Investors were unwilling to make any big bets Monday, waiting to see if there will be further stimulus announced by U.S. and European central bankers later this week.
"The market is wading through a fog, and until there's some clarity, we're going to see the markets bounce around," said Rex Macey, chief investment officer at Wilmington Trust Investment Advisers.
All three indexes ended the day slightly lower. The Dow Jones industrial average and the S&P 500 were both nearly flat, while the Nasdaq shaved off 12 points, or 0.4%.
Expectations are high for the U.S. Federal Reserve and the European Central Bank to announce new measures to boost the economy when they meet later this week.
"Investors are really looking to see if there's any action behind all of the desperate rhetoric," said Jack Ablin, chief investment officer at Harris Private Bank.
Once the Fed wraps up, the ECB will take center stage, with its meeting in Frankfurt on Thursday. Last week, ECB president Mario Draghi said the central bank would do "whatever it takes" to preserve the euro. Investors now want to see if he'll put those words into action.
Macey said that more stimulus measures would give markets a short-term boost, but the impact wouldn't necessarily be a lasting one.
And Ablin noted: "The markets will react later this week if actions don't keep pace with what we've heard."
While the central bank meetings will be at the forefront, investors will also be digesting earnings results that have come out over the past couple of weeks and those due in the week ahead.
Nearly 60% of the companies in the S&P 500 have already reported, and results have been lackluster. Excluding the financials sector, second-quarter earnings are expected to decline 0.4%, according to Thompson Reuters, marking the end to a ten-quarter winning streak.
World markets: European markets all closed higher. Britain's FTSE 100 rose 1.4%, the DAX in Germany added 1.6%, while France's CAC 40 gained 1.3%.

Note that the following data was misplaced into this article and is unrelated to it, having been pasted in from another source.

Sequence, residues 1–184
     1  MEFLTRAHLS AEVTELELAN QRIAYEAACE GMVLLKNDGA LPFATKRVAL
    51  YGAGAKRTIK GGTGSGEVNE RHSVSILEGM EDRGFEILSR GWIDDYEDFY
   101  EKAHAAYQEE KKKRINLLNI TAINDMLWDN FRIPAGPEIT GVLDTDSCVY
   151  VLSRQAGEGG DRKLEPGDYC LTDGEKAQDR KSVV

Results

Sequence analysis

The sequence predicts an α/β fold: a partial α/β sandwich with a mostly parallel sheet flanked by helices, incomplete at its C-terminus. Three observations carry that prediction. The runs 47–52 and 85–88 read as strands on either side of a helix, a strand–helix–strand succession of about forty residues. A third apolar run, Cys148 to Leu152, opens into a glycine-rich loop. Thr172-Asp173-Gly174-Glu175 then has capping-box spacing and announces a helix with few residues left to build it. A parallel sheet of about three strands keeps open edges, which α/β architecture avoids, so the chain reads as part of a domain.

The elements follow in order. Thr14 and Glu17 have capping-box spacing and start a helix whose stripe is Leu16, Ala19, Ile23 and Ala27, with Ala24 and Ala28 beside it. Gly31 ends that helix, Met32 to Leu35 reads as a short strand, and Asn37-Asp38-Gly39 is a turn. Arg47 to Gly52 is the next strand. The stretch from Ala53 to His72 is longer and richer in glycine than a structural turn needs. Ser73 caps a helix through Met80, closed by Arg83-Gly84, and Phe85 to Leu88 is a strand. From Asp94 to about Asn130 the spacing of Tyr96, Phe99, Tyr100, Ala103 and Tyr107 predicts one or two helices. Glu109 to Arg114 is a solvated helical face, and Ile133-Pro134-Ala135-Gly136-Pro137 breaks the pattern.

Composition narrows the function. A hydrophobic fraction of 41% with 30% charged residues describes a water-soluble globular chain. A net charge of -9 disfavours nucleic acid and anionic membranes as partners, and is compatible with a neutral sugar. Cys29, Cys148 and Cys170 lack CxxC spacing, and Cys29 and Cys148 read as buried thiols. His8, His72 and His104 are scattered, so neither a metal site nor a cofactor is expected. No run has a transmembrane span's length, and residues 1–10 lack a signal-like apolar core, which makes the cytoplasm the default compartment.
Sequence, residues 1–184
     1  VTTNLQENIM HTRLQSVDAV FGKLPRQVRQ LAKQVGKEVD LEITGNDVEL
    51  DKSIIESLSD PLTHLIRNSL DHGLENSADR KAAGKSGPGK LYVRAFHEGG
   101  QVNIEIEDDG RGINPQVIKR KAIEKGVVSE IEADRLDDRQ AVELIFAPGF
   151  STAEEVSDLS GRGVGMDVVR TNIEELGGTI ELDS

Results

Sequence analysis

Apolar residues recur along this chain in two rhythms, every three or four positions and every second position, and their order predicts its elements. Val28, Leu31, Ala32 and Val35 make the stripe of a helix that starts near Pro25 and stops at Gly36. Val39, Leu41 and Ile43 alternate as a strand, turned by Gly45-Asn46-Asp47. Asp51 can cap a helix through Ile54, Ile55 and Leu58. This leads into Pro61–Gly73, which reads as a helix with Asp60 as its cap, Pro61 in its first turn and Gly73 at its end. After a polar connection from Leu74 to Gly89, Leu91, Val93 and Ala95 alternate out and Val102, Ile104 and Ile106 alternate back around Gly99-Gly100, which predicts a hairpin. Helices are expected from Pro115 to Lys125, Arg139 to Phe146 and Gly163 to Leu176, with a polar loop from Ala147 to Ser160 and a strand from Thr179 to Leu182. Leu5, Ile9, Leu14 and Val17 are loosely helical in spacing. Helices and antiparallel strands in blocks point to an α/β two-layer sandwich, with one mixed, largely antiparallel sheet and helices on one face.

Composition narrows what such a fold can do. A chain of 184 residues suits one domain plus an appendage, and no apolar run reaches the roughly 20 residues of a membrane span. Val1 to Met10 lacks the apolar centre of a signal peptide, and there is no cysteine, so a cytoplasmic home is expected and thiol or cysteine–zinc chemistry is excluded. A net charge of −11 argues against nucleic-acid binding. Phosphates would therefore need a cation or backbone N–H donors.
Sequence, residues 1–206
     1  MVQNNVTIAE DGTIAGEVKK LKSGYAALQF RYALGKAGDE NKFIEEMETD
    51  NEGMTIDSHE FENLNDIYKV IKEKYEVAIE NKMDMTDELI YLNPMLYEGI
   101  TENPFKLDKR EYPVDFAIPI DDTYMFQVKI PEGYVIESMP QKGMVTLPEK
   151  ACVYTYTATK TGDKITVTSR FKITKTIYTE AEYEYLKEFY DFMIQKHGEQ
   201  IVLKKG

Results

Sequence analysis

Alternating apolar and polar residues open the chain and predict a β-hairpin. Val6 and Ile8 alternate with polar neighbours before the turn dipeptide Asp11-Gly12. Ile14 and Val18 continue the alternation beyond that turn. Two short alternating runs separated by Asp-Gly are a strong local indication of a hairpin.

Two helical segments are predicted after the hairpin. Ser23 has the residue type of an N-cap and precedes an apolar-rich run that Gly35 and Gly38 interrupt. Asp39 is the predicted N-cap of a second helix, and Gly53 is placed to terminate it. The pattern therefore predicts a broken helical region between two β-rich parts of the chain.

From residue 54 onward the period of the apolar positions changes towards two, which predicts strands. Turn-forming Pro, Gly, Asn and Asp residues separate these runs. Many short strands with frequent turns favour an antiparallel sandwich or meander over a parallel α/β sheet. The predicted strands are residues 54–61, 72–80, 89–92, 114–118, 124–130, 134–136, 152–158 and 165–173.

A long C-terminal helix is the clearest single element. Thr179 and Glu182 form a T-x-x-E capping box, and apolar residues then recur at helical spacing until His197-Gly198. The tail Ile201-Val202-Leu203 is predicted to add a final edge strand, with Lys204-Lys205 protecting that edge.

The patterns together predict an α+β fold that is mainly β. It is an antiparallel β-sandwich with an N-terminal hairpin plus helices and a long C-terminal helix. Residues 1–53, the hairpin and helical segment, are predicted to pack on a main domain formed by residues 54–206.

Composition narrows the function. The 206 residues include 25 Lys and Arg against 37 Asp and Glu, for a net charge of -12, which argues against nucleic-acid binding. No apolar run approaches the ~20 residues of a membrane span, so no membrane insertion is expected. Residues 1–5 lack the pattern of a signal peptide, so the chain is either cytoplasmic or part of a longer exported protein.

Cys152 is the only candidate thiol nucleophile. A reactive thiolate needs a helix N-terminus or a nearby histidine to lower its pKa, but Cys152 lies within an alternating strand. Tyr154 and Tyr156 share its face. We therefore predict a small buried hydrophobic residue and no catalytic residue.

Spain's economy shrank for a third straight quarter. The struggling country's GDP fell 0.4% during the second quarter.
Spain has been in the spotlight thanks to its high debt and soaring borrowing costs. The Spanish 10-year yield neared 8% last week, but has since pulled back amid hopes that the ECB will intervene.
Italy sold €5.48 billion of bond 3-, 5- and 10-year government notes, slightly less than the €5.5 billion target. Yields fell in comparison to a previous auction, with the benchmark 10-year yield easing to 5.96% compared to 6.19% a month ago.
Asian markets ended mixed. The Shanghai Composite slid 0.9%, while the Hang Seng in Hong Kong gained 1.6% and Japan's Nikkei rose 0.8%.
Companies: Shares of Sprint Nextel rose more 3% on Monday, continuing their recent surge, helped by stronger revenue and an increase in subscribership. The stock is up over 80% this year, despite the fact that the company is still losing money.
Shares of Coca-Cola hit a 52-week high after the soft drink maker said it was streamlining its operations by creating three business units to better address global challenges.
HSBC said it put aside about $2 billion to compensate U.K. customers for the inappropriate selling of payment-protection insurance, and to pay costs in the U.S. related to accusations it failed to prevent billions of dollars worth of money transfers linked to drug cartels and terrorist groups.
Apple and Samsung begin their patent battle in court Monday. Apple filed a lawsuit against Samsung last year alleging that the company's smartphones and tablets are knockoffs of its iPhone and iPad, and an infringement on its patents. Apple is seeking $2.5 billion in damages.
Currencies and commodities: The dollar rose against the euro and the British pound, but fell versus the Japanese yen.
Oil for September delivery lost 49 cents to $89.64 a barrel.
Gold futures for August delivery gained $1.70 to $1,619.70 an ounce.
Bonds: The price on the benchmark 10-year U.S. Treasury fell slightly, and the yield edged up to 1.50%.